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Dayton Physicians Network

Advanced/Recurrent Prostate Cancer

John J. Haluschak, MD

We treat advanced/recurrent prostate cancer right here, close to home.

Historically, advanced/recurrent prostate cancer was treated with anti-androgen based therapy to achieve very low levels of testosterone (androgen). When that therapy stopped working, the cancer was called – castrate resistant prostate cancer. A decade ago, for those patients with castrate resistant prostate cancer and who were in pretty good health, the next step would be to try an older chemotherapy agent – Mitoxantrone.

Thankfully, we have come a long way in helping prostate cancer patients. Since those days we have number of treatments that address androgen (testosterone) dependent and androgen independent prostate cancers.

In the near future prostate cancer specific genetic information will likely dictate treatments but also which prostate cancers are not serious and which are life threatening or will cause serious problems. That is the whole concept behind active surveillance and appropriate watchful waiting. It’s even more important to know if the progressive cancer is dependent on the androgen pathway or not. It’s also important for us to understand the benefits of current, as well as; future immune based treatments.

 

For now I would like to address approved and soon to be approved treatments for progressive life-threatening prostate cancers needing treatment when castrate type treatments (ADT with or without Casodex) stop working.

Treatments approved for this situation includes Xtandi, Zytiga, Xofigo, Taxotere, Jevatana, Provenge and the likely soon to be approved, ARN509, Octorenel, Galetrone. One major questions, is best to try first and should some of these drugs be given together.

In simple terms, when dealing with advanced castrate resistant prostate cancers we have to decide if we want to treat the cancer using approaches that work for androgen dependent prostate cancers or assume this won’t work (we currently call these cancers, androgen independent). In the US it is common to at least try the drugs that work on androgen dependency. This would be Xtandi or Zytiga and likely soon to be approved, Octorenel, ARN509 and Galetrone. Each of these products has their pros and cons. It’s not necessarily Zytiga is better than Xtandi, but which is better for you. We are also studying giving them together.

The other approved treatments are for androgen independent prostate cancers. The first approved immune therapy was for prostate cancer, called Provenge. One collects a patients T-cells (collection usually at the blood collection center taking about 3 hours) that are then modified to recognize the prostate cancer better and the product is then given as an infusion (3-4 days later) to the patient. This is done every two weeks over 3 treatments with the course of treatment lasting just over a month. It’s important to look at the FDA approved information – on the product website, if want wants to learn more about Provenge.  By itself this is not that useful a treatment. But if responding to other treatments, especially Zytiga or Xtandi – a 3rd all patients can attribute their survival at 3 or 4 years just to getting Provenge.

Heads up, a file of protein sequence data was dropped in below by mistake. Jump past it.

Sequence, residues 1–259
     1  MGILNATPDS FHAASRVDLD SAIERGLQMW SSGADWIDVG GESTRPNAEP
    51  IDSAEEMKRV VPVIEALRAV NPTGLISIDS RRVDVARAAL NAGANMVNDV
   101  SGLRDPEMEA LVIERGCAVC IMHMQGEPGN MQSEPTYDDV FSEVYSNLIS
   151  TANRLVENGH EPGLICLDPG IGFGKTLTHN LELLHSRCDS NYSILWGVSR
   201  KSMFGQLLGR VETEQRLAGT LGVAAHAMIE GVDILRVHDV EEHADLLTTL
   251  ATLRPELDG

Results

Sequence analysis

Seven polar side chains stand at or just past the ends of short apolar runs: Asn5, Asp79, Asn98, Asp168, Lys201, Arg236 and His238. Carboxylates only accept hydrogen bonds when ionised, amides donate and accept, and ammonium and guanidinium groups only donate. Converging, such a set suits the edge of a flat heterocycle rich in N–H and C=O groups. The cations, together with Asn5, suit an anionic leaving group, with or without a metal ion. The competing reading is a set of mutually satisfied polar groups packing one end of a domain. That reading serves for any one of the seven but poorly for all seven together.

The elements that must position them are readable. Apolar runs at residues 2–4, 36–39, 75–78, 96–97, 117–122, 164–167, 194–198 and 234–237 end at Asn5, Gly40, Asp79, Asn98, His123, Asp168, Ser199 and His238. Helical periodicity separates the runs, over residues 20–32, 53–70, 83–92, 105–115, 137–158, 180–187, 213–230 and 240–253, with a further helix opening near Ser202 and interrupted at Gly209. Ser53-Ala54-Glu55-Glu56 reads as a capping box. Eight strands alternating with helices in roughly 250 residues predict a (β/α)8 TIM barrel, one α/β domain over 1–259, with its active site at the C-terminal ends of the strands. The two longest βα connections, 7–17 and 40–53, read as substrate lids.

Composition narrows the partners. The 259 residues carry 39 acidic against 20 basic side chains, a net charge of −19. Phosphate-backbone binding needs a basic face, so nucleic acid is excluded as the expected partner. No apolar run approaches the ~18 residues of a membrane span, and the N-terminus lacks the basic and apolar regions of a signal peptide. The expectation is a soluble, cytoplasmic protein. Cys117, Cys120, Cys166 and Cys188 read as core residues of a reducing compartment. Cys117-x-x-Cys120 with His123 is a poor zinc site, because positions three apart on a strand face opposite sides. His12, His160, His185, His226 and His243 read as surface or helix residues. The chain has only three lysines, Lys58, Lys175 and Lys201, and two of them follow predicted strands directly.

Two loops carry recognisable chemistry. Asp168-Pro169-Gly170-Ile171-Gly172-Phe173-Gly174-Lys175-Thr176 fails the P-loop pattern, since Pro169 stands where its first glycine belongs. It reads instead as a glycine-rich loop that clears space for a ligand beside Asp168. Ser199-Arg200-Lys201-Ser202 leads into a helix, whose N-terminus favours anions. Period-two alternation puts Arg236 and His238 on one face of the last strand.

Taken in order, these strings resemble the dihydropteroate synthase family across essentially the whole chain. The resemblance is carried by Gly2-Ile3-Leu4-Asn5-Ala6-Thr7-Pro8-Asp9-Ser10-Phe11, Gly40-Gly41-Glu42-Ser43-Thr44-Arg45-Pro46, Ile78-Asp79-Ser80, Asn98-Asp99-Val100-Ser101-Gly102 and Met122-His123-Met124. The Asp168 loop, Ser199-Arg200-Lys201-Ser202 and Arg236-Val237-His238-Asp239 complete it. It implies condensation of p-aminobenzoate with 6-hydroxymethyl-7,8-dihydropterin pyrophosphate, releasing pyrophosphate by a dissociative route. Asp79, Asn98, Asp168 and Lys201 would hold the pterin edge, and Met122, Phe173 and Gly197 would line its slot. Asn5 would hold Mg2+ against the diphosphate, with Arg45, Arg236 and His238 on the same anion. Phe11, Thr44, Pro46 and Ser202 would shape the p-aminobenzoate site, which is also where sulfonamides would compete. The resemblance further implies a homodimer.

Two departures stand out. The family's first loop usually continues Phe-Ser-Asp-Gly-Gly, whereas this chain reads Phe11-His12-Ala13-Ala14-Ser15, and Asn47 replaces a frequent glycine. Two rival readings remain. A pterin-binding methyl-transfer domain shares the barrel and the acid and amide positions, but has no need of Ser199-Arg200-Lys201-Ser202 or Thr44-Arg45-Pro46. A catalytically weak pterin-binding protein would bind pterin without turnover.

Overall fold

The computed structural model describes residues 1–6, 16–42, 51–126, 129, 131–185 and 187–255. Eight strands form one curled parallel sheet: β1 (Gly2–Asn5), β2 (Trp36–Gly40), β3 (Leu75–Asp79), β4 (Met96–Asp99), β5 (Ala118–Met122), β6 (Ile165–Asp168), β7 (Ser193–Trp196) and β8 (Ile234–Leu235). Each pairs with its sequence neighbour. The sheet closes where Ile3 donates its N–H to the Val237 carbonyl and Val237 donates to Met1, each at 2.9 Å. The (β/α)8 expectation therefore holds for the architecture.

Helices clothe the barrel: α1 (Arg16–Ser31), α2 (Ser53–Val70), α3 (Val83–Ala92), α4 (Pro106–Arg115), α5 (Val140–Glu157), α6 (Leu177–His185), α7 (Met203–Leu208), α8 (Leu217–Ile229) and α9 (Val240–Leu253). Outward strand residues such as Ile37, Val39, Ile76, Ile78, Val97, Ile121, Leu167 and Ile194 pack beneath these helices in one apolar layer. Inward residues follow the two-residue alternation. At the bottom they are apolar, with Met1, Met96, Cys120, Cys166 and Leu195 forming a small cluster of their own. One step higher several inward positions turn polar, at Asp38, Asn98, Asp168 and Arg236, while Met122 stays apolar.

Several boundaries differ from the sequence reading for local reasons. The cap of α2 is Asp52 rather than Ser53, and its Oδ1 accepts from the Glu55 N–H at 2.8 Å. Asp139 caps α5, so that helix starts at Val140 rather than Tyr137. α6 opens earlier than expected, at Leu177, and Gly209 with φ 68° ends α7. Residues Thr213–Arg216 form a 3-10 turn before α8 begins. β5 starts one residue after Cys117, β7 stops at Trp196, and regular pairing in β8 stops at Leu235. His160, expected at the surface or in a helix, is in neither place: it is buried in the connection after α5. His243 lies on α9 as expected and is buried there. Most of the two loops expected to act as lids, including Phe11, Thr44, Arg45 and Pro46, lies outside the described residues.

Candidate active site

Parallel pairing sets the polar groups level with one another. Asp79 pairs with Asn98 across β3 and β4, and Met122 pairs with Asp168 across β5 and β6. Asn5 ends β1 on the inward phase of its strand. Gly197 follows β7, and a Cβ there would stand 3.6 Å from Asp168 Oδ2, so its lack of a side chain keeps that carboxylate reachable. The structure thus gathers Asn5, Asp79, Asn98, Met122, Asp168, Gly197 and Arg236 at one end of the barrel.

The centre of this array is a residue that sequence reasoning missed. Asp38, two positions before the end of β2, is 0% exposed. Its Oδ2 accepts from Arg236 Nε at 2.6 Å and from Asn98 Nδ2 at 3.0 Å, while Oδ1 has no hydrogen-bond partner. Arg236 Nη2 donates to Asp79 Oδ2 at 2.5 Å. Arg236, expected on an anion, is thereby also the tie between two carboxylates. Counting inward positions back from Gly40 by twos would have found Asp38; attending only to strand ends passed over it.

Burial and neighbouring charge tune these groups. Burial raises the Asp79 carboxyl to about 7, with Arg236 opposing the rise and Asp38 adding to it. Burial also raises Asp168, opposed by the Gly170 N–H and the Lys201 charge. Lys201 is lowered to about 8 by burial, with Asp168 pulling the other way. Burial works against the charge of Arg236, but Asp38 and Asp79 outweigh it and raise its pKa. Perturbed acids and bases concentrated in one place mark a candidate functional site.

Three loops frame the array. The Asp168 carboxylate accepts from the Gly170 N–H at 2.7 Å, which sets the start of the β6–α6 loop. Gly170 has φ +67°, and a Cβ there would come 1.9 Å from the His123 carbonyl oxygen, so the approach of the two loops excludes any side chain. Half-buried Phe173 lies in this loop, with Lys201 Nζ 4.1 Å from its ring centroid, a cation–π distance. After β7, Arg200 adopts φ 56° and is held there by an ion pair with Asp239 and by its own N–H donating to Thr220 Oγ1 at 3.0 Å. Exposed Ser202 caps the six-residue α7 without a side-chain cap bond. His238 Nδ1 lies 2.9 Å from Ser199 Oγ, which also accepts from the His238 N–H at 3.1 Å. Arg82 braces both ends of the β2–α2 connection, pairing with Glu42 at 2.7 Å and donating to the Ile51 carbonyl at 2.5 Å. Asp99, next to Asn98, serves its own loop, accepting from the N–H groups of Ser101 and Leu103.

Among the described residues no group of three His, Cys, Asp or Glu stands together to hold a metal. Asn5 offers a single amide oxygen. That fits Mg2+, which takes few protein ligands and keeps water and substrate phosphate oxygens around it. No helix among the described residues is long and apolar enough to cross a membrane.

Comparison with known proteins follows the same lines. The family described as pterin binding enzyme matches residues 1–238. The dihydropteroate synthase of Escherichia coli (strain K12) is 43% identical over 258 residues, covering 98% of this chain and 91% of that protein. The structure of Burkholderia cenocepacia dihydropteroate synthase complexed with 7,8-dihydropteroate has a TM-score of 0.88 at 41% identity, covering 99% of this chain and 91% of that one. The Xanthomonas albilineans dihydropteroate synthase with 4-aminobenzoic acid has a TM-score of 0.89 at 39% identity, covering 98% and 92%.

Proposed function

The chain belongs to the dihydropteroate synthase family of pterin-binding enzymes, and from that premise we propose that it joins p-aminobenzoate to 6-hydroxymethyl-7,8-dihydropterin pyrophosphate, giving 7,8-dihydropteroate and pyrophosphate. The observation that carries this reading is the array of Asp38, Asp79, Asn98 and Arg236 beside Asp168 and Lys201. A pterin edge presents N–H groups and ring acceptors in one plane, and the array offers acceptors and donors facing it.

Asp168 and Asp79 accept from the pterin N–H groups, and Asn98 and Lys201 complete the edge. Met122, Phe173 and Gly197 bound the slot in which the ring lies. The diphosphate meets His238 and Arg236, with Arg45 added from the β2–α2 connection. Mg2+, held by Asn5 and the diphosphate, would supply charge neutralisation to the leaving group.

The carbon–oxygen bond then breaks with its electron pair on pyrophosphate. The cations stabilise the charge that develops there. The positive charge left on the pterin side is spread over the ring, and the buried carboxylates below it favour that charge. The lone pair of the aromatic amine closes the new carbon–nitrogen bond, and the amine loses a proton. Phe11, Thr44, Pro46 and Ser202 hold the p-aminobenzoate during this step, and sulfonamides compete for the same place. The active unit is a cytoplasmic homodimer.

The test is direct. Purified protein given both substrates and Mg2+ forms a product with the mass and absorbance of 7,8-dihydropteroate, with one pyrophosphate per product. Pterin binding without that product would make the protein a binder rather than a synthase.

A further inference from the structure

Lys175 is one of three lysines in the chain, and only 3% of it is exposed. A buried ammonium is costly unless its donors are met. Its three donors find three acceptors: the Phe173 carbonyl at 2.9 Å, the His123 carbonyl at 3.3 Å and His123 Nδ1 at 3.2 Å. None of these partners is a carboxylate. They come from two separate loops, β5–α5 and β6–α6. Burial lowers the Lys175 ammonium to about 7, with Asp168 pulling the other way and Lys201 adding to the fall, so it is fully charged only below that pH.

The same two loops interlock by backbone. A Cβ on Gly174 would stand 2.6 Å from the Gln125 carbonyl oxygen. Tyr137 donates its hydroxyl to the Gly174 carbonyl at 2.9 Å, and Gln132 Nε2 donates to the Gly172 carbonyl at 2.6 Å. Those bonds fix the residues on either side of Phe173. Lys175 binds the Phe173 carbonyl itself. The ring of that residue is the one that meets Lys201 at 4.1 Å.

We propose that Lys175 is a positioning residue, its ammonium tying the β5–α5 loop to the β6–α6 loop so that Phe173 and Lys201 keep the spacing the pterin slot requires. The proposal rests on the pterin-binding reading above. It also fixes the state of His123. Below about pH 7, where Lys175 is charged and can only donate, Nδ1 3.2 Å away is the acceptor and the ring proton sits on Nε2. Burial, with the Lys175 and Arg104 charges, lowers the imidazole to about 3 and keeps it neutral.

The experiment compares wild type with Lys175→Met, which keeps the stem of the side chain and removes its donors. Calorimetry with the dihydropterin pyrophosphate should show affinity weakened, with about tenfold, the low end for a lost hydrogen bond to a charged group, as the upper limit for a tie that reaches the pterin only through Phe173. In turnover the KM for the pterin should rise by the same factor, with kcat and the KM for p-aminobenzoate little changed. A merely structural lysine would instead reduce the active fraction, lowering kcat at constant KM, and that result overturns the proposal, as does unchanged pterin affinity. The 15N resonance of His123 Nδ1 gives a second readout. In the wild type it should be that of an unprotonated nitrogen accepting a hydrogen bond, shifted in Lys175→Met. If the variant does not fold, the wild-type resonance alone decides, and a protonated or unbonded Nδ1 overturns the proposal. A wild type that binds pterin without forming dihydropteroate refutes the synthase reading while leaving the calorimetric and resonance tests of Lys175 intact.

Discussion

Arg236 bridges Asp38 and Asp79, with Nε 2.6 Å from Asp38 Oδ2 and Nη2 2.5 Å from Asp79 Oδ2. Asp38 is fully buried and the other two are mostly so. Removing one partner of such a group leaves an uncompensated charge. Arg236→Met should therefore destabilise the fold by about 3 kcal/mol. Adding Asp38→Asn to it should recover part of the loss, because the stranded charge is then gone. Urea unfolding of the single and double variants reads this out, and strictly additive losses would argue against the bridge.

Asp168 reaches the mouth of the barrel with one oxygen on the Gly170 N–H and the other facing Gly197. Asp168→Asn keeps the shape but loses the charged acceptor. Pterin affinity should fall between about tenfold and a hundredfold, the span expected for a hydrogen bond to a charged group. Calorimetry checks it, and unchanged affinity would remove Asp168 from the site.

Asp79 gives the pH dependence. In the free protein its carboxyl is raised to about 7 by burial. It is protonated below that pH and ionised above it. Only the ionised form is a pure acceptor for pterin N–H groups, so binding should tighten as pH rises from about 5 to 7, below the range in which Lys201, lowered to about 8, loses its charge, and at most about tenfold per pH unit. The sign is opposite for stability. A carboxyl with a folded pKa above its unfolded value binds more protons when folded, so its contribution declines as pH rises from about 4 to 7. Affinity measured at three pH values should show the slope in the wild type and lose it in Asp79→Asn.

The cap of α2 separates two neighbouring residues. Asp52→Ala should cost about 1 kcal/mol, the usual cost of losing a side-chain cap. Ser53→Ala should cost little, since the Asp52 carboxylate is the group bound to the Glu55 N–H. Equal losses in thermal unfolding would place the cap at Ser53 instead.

Another treatment that helps survival is Xofigo. This is a monthly injection of a radioactive agent that works for prostate cancer patients when the prostate cancer mainly involves just the bones and is causing significant bone related pain. Fortunately prostate cancer, like breast cancer likes to metastasis just to bones. The pain improvement can be early and dramatic.

Both Provenge and Xofigo can be used with or sequentially with Zytiga, Xtandi, and likely as stated above, works best if those agents work.

 

The remaining approved treatments for prostate cancer are cytoxic or chemotherapy agents. Often people understandably worry about the side effects of chemotherapy, but the majority of time the side effects are much less concerning than the symptoms that often occur from the cancer. The most successful chemotherapy to date is Taxotere and its’ cousin, Jevtana.

Jevtana has the advantage of be very well tolerated with few side effects, including very little nausea, fatigue, or hair loss. The real risk for most patients- will it work. Grade I side side effects are frequently seen,sometimes from the drug, but they are more often not related to the actual product. We still must watch closely for any side effects.

 

Currently, we are interested in allowing our immune system to fight the cancer and recognizing that the cancer cell may produce proteins that resist our immune system. That’s the idea behind Provenge. We are currently exploring a number of treatments that can help with this problem. If we can negate this resistance of the cancer cell resisting our own wonderful immune system, then we should restore our ability to fight the cancer.

The good news is we should only have more options in the future, to deal with advanced/recurrent prostate cancer.

I encourage patients to review the FDA approved product information that provides accurate information on each of the specific products. Fortunately there are numerous helpful web sites to learn more about advanced or recurrent prostate cancer. Here are a few recommended sites that have reliable information; National Comprehensive Cancer Network, American Cancer Society and Cancer.Net

At Dayton Physicians Network we offer one of the country’s best comprehensive prostate cancer programs including clinical trials not available in Cincinnati, Columbus or Cleveland.  We bring the best prostate cancer care to the Midwest and we are privileged to treat these patients, who are the real heroes in this enormous battle against life threatening prostate cancer.

We’re here for you For more information, please call 937.771.2326